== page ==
There are many reasons to oppose Rick Perry as President. His grades, however, are not one of them.
First, account for grade inflation (here is a chart of the average grade from 1940-2009: http://gradeinflation.com/figure2.gif). In 1968, the average gpa at a Public university was 2.7 (and some were tougher than that). Moreover, while the average grade has gone up over time, universities have grown less selective. A 2.22 in 1968 might be 2.8 today.
Second, academic success is a rather poor predictor of how successful a president will be (especially when you have far better indicators, like say, an 11 years of governing a large state). The biggest part of a President's job is salesmanship. If they are unable to sell an idea to the public, it will have difficulty getting through congress, and their agenda will flounder. The second-biggest part of the job is delegation. The President picks experienced advisors, who consult with very smart analysts on major questions. Its not like Obama is sitting in his office trying do run regressions on how to raise GDP right now. If the president doesn't manage his team effectively, the system falls apart. Probably the third-biggest part is making decisions. Here intelligence can be important, but isn't most of the time. Usually policies have tradeoffs - eg. cutting the corporate tax might increase inequality, but raise economic growth. Deciding whether equality or growth is more important isn't a right or wrong question - it is one of values.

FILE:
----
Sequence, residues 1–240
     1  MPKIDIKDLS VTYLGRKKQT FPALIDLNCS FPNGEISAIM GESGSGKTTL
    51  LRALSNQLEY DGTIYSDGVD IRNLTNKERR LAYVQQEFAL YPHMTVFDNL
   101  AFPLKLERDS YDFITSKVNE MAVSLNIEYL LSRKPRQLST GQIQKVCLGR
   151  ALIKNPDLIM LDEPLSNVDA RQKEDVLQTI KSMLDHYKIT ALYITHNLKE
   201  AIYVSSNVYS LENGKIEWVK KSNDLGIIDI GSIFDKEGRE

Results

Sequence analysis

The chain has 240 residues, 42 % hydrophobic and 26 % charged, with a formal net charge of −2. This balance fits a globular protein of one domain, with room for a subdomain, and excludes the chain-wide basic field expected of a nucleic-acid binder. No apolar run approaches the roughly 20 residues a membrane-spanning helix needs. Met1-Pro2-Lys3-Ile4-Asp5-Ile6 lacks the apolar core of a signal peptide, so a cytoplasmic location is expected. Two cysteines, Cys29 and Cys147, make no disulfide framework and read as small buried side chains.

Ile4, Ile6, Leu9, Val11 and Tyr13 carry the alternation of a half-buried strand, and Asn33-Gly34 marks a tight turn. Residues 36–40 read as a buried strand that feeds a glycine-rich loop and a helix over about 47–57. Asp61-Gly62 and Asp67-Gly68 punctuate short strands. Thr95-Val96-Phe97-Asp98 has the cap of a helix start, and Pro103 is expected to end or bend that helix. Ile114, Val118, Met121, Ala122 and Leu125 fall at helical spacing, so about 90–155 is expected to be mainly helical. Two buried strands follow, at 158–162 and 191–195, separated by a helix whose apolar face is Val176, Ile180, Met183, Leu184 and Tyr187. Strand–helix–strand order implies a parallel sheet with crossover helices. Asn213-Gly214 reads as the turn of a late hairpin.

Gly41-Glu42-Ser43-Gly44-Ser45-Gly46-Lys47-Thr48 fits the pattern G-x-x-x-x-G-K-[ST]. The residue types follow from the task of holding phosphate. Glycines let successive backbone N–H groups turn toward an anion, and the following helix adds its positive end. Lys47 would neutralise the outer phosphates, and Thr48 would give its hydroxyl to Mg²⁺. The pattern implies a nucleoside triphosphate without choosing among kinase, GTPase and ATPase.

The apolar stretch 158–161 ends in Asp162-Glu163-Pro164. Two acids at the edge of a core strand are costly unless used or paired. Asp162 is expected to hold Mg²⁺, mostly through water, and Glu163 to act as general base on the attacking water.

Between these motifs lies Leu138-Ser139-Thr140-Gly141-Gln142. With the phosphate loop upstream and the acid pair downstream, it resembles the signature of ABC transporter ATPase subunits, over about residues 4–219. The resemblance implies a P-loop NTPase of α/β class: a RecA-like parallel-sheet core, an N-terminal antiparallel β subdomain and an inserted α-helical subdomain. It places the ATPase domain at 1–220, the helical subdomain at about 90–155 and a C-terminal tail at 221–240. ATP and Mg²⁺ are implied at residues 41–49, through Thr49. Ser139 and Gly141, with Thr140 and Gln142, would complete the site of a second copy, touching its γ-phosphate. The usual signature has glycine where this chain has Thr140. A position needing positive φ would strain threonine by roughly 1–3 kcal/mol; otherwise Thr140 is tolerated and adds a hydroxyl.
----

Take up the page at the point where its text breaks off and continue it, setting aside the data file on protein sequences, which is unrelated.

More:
Don't believe me? Well, perhaps consider that the top pick on Gallup's last "best president" poll was a mediocre student at a lousy school (Eureka College), whose professional life was mostly spent as an actor in B-movies.